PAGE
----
Battling the Blank Page: Writing the First Third of Your Novel

with Elisa Bonnin

Write the First Third of Your Novel

Ink will be spilled.

Novels are daunting projects. Many times longer than a short story, with word counts ranging anywhere from 50,000 to hundreds of thousands of words, it can be hard to look at a novel and know where to begin. If you’ve always wanted to write your own novel, and have been looking for support to help you get started, this course is for you.

In this course, we’ll buckle down and tackle the first third of your first draft, working together to get words down onto paper. You’ll spend the first two weeks of this course planning the project that you want to write, turning ideas into concrete goals, and the next eight weeks drafting intensely. The goal: to finish the first third of your novel.

This class is for writers who aspire to write a novel. Novels can be from any genre or for any age group, and there are no prerequisites for this course. However, writers should come prepared with the basic idea of their novel, and should ideally have some experience with drafting, even if they have never finished a piece before.

Following the completion of this course, considering continuing work on the second third of your novel in my follow-up course beginning in late September 2023.

Learning and Writing Goals

Learning Goals:

In this class, students will:

  • Identify their protagonists, major themes and character arcs
  • Develop their novel’s hook and stakes.
  • Learn about common novel structures and decide whether to use a structure model or write free-form.

Writing Goals:

In this class, students will:

  • Make a plan for their novel that includes writing goals and word counts based on genre, target age group, and industry expectations.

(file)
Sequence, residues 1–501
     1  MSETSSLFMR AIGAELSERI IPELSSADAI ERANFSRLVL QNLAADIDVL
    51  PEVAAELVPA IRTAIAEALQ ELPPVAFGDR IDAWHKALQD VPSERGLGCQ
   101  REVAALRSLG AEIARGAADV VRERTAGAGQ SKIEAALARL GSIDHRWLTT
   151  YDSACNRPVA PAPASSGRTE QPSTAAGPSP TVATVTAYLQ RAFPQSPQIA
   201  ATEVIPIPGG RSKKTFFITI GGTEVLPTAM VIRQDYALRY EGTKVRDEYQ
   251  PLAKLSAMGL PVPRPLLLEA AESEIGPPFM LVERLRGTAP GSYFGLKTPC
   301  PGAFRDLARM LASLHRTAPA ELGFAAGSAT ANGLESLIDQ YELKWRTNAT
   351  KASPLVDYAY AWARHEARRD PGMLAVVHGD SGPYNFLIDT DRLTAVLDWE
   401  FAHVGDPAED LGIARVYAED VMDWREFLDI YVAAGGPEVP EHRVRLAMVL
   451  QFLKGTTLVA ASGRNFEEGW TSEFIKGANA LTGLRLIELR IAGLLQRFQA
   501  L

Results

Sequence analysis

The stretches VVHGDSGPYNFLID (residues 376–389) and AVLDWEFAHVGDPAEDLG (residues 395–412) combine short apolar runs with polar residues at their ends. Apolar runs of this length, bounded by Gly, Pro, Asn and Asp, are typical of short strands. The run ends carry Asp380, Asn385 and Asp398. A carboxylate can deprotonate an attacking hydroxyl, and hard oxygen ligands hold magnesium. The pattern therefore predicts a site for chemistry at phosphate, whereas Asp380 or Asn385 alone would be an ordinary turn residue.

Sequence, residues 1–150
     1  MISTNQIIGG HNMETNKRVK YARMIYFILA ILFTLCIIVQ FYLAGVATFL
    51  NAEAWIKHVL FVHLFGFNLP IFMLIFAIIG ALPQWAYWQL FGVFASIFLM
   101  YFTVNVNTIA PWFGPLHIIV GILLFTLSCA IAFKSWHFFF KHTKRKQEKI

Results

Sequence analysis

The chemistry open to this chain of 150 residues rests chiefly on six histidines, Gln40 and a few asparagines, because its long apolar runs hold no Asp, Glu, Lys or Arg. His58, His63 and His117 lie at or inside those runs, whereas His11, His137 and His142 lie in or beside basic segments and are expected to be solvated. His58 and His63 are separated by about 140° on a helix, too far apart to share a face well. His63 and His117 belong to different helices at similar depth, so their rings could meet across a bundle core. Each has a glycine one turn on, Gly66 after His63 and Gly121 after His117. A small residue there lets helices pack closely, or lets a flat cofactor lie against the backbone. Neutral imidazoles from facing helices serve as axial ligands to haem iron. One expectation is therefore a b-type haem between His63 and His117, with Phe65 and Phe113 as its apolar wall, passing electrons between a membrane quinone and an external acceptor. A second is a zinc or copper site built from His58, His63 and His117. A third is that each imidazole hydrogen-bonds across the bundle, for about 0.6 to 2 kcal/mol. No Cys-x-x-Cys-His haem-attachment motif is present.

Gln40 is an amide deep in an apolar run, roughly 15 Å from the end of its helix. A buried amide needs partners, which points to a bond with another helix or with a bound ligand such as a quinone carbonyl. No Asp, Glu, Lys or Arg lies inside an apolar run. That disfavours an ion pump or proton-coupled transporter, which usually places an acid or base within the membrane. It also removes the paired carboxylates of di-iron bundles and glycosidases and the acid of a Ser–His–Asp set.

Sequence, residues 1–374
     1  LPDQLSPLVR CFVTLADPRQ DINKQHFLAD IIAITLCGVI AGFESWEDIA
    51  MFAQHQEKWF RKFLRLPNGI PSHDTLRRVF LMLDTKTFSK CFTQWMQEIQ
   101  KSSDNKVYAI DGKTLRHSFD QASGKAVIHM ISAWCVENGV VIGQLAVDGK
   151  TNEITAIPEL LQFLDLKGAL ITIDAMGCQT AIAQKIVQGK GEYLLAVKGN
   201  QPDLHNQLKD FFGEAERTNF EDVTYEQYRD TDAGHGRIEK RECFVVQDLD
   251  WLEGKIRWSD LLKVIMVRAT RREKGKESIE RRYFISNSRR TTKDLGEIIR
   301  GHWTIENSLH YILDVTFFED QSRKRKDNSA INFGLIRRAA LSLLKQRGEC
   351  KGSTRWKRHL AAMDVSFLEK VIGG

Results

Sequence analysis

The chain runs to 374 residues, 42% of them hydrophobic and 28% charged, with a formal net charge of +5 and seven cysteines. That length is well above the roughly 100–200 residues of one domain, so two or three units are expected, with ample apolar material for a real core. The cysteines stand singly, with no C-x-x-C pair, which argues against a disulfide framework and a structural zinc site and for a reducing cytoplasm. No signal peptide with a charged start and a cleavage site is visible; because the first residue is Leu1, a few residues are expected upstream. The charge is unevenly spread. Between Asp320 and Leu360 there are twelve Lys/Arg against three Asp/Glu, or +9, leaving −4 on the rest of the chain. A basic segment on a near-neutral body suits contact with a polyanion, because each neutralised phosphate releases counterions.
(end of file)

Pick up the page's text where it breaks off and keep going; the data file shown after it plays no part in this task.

• Draft 4-5 page synopsis of their novel, including major plot points
  • Make significant progress on their novel, ideally completing the first third of the project.

Students will have an individualized goal for each week of writing, and will have the opportunity to present 1,000 word snippets of their work to their peers for feedback and review each week. Students will also have weekly opportunities to check-in with the instructor and ask for help on specific issues.

Zoom Schedule

There will be no scheduled meetings during this course. Instead, the instructor will record 30 minute to 1 hour lectures to be viewed asynchronously throughout each week.

Weekly Syllabus

Week 1: Making Commitments

This week, we’ll learn about genre, age group and word count expectations for novels. There’s a wide world of genres out there, and while there’s a place for every project, your readers will come to your work with expectations (doubly so if you’re planning on attempting traditional publishing). We’ll also talk about plot structure, and how to make a simple synopsis. At the end of this week, you’ll have the basic framework of your novel (word count, genre, age group) down, as well as a basic idea of your novel’s hook, premise, and stakes. Students will also have the opportunity to name a reward that they promise to give themselves for successfully completing the course.

Assignment: List your novel’s basic information and your weekly goals for the remainder of the course.

Week 2: Structures and Synopses

This week, we’ll talk about the Three-Act Structure and other commonly used novel structures. We’ll prepare to write by expanding our basic premise into a 4-5 page synopsis, which we will use as an outline for our work. After this week, we’ll dive right into writing, but students who want to create a more detailed outline will be given the resources to do so.

Assignment: Create a 4-5 page synopsis that details the major plot points of your novel.

Week 3: How to Open Your Novel